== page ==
The rivalry between boxing and mixed martial arts may appear to be peaking tonight when world welterweight boxing champion Antonio Margarito of Tijuana defends his belt against Pomona's Shane Mosley at Staples Center, and world-renowned mixed martial arts heavyweight Fedor Emelianenko takes on Andrei Arlovski down the freeway at Anaheim's Honda Center.
Yet, the reality of the combat sports landscape is anything but a blood feud.
Both the Los Angeles and Anaheim fight cards are being co-promoted by Oscar De La Hoya's Golden Boy Promotions and are expected to draw a sellout crowd 20,000 at Staples Center and more than 10,000 to the Honda Center. Those attendance numbers have caught the eye of various promoters who are increasingly working to maximize fans' interest with hybrid boxing and MMA shows. And MMA fighters don't think twice about sharpening their attack in boxing gyms.
Tonight, for instance, famed boxing trainer Freddie Roach is trying to add to his reputation after the masterful win by his star fighter Manny Pacquiao over the world's most popular boxer, De La Hoya. Roach is working in Arlovski's corner as his striking coach and trying to direct him to victory over Emelianenko, considered the planet's greatest MMA fighter, in the Affliction main event.
"Fedor's boxing skills are not that good," Roach said bluntly. "His footwork's terrible. We have to take advantage of that."
The 6-foot-3 Emelianenko (29-1) already has beaten two former Ultimate Fighting Championship heavyweight champions, Antonio Rodrigo Nogueira and Tim Sylvia, and is a gifted judo- and wrestling-disciplined fighter who has won eight of his last nine fights by submission. The exception was victory by a doctor's stoppage.
It's no wonder, then, that former UFC heavyweight champion Arlovski, 29, stakes his hopes of winning the fight by keeping it to a stand-up battle.
"The distance we keep him away from the other fighter is a little different" than in a boxing match, Roach said. "Andrei can't get as close as a boxer would. . . . He'll tell me, 'If a guy gets that close to me, I'll knee him in the head.' I'll say, 'OK, let's not do that then.' The [striking] stance has to be a little squarer than a boxer's. The way to beat Fedor is to back him up from a boxing standpoint.
"If the fight goes to the ground, I have no control."
Arlovski also works with an MMA/jiujitsu trainer, a wrestling coach and a boxing tutor when he is home in Chicago.
But the 6-foot-3 Arlovski is such a skilled fighter that Golden Boy signed him to also box in the future. Roach says Arlovski can handle the conversion because he adapts quickly to coaching. Roach has also worked to strengthen the punching skills of the UFC's top MMA fighter, middleweight champion Anderson Silva.
Roach says if Arlovski wins tonight, he's going to renew his previous sales pitch to HBO to pit the mythical "world's best MMA heavyweight" against the 7-foot World Boxing Assn. heavyweight boxing champion Nikolai Valuev.
"If Andrei beats Fedor, I'd like to go after Valuev right away. Andrei's good enough to beat him right now, and I think pitting the Affliction champion versus the world boxing champion would be huge and sell," Roach said. "The heavyweight division needs that spark right now."
Golden Boy Promotions chief executive Richard Schaefer said he'll "immediately start conversations with HBO," if Arlovski beats Fedor.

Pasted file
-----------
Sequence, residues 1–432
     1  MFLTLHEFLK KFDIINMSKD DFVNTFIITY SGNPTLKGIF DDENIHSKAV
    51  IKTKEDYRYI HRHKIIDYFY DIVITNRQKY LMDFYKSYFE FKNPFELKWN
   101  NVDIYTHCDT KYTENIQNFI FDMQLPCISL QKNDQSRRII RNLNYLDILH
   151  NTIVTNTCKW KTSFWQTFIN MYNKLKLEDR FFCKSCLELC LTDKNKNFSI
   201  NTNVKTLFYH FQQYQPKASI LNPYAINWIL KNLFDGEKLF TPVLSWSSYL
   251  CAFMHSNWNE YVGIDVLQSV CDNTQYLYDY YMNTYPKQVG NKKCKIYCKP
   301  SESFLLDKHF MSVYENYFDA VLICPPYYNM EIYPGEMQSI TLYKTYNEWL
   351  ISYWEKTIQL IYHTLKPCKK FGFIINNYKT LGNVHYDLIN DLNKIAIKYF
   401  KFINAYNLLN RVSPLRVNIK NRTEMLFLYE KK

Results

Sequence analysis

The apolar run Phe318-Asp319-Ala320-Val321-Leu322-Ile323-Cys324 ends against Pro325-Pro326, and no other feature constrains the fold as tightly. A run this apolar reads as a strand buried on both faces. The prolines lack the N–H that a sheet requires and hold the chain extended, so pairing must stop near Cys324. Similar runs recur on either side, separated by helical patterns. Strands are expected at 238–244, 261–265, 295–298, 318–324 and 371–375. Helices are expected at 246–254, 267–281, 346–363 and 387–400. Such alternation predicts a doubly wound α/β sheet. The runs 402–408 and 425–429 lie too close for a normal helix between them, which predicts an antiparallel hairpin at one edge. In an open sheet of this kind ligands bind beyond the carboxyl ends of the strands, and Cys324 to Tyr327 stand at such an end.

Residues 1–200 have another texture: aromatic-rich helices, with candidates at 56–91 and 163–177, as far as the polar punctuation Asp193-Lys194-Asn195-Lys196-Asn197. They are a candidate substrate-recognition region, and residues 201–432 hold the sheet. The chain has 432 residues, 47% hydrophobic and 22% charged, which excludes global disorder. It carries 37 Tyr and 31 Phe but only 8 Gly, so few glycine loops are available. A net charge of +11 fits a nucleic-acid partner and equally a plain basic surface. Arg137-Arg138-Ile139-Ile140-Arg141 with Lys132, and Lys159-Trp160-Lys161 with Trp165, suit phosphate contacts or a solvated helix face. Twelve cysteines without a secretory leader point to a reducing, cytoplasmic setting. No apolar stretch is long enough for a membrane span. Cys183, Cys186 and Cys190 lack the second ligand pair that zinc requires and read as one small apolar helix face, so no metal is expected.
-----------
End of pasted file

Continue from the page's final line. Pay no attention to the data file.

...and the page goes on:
Although Schaefer said he still had some reluctance to "mix and match" major boxing and MMA fights on the same fight card, other promoters are doing it and profiting.
"This dual concept is the best concept, both for the sports and the venue," said Roy Englebrecht, the longtime Orange County boxing promoter who stages the Irvine Marriott's Battle in the Ballroom cards and last year conducted more boxing and MMA shows than any other promoter in California.
Although California law still forbids dual boxing/MMA cards promoted by the same company at one venue on the same night, Englebrecht and former boxing champion Fernando Vargas have organized a boxing/MMA tournament that will start Feb. 14 in Primm, Nev.
"This is for the young fighters who might never get to a large arena and for those who might have a chance to get to the next level," Englebrecht said. "It's the equivalent of double-A baseball."
At an Indian casino in Lemoore, promoter Dan Goossen's boxing cards have been followed by a separate promotion with an MMA card. The next hybrid event will be Goossen's Feb. 6 show featuring unbeaten super-middleweight boxer Andre Ward. Former world champion boxer Roy Jones Jr. is going to headline a boxing/MMA card he's promoting in Pensacola, Fla., later this year.
"There's crossover in the audiences," Goossen said. "Fight fans want great fights, and we've gotten that message in boxing from MMA to find the best ones possible."
Goossen said he attempted something similar to the Arlovski-Valuev idea earlier this decade, trying to persuade the UFC to pit its MMA star Tito Ortiz against Goossen's boxer, James Toney, in an MMA fight. "Any tough fighter is always going to be interested in a good fight," Goossen said.
But UFC vetoed the plan, Goossen said. The UFC is intent on keeping MMA separate from boxing and has also frowned on Silva's requests to box professionally.
Arlovski's MMA coach Dino Costeas said his fighter's interest in the sweet science should be tempered by the fact that "the distance he has to go to be the greatest MMA heavyweight is a lot shorter than being boxing's best heavyweight. Let's get on top of the MMA mountain first."
Englebrecht, meanwhile, will continue to sell both sports. At his and Vargas' Worlds Collide tournament in Primm, he'll alternate four four-round boxing matches with four three-round MMA fights. The tournament is scheduled to conclude in December.
"I want the boxing fans to see the MMA," Englebrecht said. "I want to grow the fan base."